The overall finding about the associations between children’s proximity and elder’s mental well-being was consistent with a number of previous studies. For example, some have reported the negative effects of living with children or with grandchildren only (Ren & Treiman, 2015; Silverstein et al., 2006). A U.S.-based study observed that among older people with ADL limitations, those who had all children living more than 30 miles were more likely to go to a nursing home than those who had a child living close by (Deane, Spitze, Ward, & Zhuo, 2015). In Netherlands, a study found that older parents were more likely to move to a care facility if they had all children living more than 40 km away (Van Der Pers, Kibele, & Mulder, 2015). Elders who lived alone without a child were found most likely to have adverse health outcomes in Myanmar and Vietnam (Teerawichitchainan, Knodel, & Pothisiri, 2015). The prevalence of severe depressive symptoms identified in this study was also close to the prevalence among people aged 55 or older in the Chinese Elderly Mental Health Survey (39.86%) using the 20-item CES-D instrument (Yu et al., 2012).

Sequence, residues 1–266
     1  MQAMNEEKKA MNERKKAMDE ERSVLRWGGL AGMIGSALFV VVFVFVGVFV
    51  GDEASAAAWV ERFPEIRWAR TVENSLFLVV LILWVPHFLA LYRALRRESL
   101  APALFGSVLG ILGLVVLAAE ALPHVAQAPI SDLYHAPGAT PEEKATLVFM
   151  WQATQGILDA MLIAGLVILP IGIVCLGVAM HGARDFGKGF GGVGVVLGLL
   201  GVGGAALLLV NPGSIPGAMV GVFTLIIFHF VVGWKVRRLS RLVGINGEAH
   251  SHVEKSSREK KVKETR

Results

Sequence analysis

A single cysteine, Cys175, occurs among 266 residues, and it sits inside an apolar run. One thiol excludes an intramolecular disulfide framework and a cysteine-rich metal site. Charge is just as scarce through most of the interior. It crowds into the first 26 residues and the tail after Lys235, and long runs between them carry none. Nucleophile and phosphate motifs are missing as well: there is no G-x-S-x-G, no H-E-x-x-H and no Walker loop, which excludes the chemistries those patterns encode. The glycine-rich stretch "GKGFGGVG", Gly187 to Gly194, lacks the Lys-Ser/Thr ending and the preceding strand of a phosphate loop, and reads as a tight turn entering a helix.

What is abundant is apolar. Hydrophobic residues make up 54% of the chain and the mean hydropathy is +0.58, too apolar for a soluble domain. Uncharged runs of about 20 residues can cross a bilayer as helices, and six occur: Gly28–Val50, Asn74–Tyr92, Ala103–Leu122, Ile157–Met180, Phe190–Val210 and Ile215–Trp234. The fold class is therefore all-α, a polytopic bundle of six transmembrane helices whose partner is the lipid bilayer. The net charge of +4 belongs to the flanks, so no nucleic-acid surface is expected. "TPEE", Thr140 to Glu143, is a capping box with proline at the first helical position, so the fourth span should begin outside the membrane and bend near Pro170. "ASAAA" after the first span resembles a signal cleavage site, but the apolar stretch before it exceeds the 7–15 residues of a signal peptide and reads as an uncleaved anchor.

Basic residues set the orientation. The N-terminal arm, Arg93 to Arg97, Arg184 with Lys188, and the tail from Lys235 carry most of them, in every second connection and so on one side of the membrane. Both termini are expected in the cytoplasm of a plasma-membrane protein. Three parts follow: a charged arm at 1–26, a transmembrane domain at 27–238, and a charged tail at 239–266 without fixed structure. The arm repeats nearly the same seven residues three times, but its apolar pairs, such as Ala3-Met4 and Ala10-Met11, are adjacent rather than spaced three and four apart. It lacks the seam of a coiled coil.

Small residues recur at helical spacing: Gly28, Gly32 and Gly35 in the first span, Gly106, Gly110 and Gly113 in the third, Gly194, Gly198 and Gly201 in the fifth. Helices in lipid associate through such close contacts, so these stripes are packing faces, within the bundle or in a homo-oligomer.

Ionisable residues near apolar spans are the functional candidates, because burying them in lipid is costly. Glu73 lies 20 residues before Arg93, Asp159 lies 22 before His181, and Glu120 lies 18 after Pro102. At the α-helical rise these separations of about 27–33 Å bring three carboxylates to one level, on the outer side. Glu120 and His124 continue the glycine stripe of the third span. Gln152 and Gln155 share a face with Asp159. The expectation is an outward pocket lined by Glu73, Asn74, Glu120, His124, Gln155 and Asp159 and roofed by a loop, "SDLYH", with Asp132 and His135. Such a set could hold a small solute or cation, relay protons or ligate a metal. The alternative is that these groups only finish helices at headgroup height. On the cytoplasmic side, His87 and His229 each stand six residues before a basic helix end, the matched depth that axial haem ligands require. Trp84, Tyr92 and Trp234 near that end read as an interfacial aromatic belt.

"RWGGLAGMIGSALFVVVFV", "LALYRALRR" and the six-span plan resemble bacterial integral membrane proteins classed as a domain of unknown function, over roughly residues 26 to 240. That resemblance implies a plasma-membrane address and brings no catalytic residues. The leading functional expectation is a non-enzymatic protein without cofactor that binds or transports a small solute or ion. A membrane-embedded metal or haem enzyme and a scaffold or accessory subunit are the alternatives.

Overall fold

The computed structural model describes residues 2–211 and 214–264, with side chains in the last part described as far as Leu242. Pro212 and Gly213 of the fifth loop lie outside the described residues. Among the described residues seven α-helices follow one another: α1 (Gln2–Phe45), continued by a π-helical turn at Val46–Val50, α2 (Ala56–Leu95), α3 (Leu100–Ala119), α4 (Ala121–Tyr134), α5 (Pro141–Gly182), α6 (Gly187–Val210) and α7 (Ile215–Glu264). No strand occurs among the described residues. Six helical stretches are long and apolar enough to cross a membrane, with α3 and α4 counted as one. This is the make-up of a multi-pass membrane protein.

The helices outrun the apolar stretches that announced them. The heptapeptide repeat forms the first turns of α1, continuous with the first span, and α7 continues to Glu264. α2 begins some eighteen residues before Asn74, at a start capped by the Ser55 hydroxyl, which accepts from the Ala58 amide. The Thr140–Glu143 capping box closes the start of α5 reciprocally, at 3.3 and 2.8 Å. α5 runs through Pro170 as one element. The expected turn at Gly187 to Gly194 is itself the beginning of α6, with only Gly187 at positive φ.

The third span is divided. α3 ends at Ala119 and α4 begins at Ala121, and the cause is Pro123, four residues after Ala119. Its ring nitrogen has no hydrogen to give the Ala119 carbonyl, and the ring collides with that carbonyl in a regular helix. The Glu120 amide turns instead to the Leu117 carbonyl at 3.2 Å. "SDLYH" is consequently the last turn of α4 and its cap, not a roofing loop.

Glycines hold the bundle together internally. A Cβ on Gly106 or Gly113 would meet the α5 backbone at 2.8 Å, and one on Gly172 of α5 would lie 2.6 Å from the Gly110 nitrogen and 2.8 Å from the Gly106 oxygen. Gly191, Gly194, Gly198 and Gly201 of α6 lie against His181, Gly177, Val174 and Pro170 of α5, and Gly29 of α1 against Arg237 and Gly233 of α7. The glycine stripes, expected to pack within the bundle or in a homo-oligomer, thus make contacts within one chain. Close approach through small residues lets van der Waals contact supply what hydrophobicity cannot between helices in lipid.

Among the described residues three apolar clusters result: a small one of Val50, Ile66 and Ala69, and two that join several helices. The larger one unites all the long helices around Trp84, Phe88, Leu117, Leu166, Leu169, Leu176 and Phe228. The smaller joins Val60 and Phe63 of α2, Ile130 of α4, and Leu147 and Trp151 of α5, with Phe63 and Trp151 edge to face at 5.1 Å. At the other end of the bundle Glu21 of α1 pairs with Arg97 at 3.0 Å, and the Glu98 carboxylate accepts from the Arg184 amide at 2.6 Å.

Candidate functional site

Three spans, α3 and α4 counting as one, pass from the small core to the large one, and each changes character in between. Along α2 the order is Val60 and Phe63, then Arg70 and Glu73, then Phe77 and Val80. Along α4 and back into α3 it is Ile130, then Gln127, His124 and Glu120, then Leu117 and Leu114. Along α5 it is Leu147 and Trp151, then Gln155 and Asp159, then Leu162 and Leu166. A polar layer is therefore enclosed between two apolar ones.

However, the present study provided a more nuanced understanding of the living arrangements, children’s distance, and elder’s depressive symptoms. Living far away from adult children may have negative impact on elder’s mental health especially in the China-specific setting, as financial support, informal care, and emotional support from adult children were often considered essential for meeting the needs of the Chinese elders. In fact, this was not only because of “filial piety” in Chinese culture, a virtue of respect for one’s parents, but also due to the lack of support for elders from the public and private sectors, especially in rural areas (Cai, Giles, O’Keefe, & Wang, 2012). For instance, according to a report from the National School of Development at Peking University, despite 83.6% of the urban elders had pension plans, only 43.1% of the rural elders had any pension plans in 2011. In addition, living far away from children but together with grandchildren had an even larger detrimental impact on elder’s mental well-being. This may be partly explained by the elders’ overwhelmed burden of caring for grandchildren. This finding challenged the previous assumption that the elder’s living arrangements were predominantly determined by their needs for assistance, whereas children’s needs for assistance from their older parents were also important determinants of the elder’s living arrangements. In fact, healthy elders were more often caregivers than caretakers (Xu, 2013). Exploring the determinants of living arrangements, albeit beyond the scope of the current study, may help explain the negative impacts of living with offspring under certain circumstances. The elder’s caregiving behaviors, for example, and its consequences on mental health is a particularly important field to investigate in future studies.